Getting a medicine from concept all the way to the pharmacy is no small feat, but it’s an incredibly lucrative business — if it works.
It’s a process that can often take more than 10 years, sometimes even closer to 20. So what’s key is knowing what will likely work and what won’t before spending all that time and money on development. To get a sense of what that process is like, at least at one major pharmaceutical company, we turned to Bob Abraham, Pfizer’s head of oncology research and development.
“Everything we do stands on the shoulder of academia, basically,” he said. “We have to keep a close eye on the huge volume of academic research out there. We have to keep a particular eye on blips on the radar screen, things that are just starting to emerge, before they become so public that 17 pharmaceutical companies are going after the same target.”
And finding those “blips” isn’t easy or without great risks. At that point, there isn’t a lot of information out there to back it up, and the idea hasn’t been tested as thoroughly as other, farther along concepts. Abraham, who is also a professor of pharmacology at the University of California San Diego, is based in Pfizer’s La Jolla, California offices.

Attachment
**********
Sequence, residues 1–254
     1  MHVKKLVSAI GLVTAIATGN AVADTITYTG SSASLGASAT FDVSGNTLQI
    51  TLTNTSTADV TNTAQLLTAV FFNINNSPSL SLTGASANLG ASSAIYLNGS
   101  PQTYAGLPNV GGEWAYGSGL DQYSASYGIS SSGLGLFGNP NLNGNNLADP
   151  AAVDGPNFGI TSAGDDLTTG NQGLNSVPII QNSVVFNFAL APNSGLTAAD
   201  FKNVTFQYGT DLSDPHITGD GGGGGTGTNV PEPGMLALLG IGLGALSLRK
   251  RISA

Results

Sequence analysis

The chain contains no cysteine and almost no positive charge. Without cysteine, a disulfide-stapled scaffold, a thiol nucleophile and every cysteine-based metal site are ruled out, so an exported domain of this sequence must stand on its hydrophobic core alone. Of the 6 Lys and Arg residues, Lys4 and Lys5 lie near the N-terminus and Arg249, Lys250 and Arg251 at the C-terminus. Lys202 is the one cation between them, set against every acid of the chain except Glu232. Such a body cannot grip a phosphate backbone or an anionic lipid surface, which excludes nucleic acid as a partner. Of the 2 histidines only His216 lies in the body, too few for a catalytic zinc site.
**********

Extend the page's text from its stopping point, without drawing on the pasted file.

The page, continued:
There, he works on developing new cancer drugs, which involves partnering with academic institutions as well as working on Pfizer’s own programs. Abraham said that finding the drugs that are going to work is “right up there with the hardest things that we do.”
“You’re not going to be right all the time. You have to be willing to say ‘OK, we gave this a really good shot and it didn’t work,’ and we move on and we don’t look back and regret,” he said. “We do try to learn from failure, but if you’re going to be in the front of the pack, you have to be willing to take on those risks.”
Then, maybe, years later, it can pan out into a blockbuster drug that makes billions.
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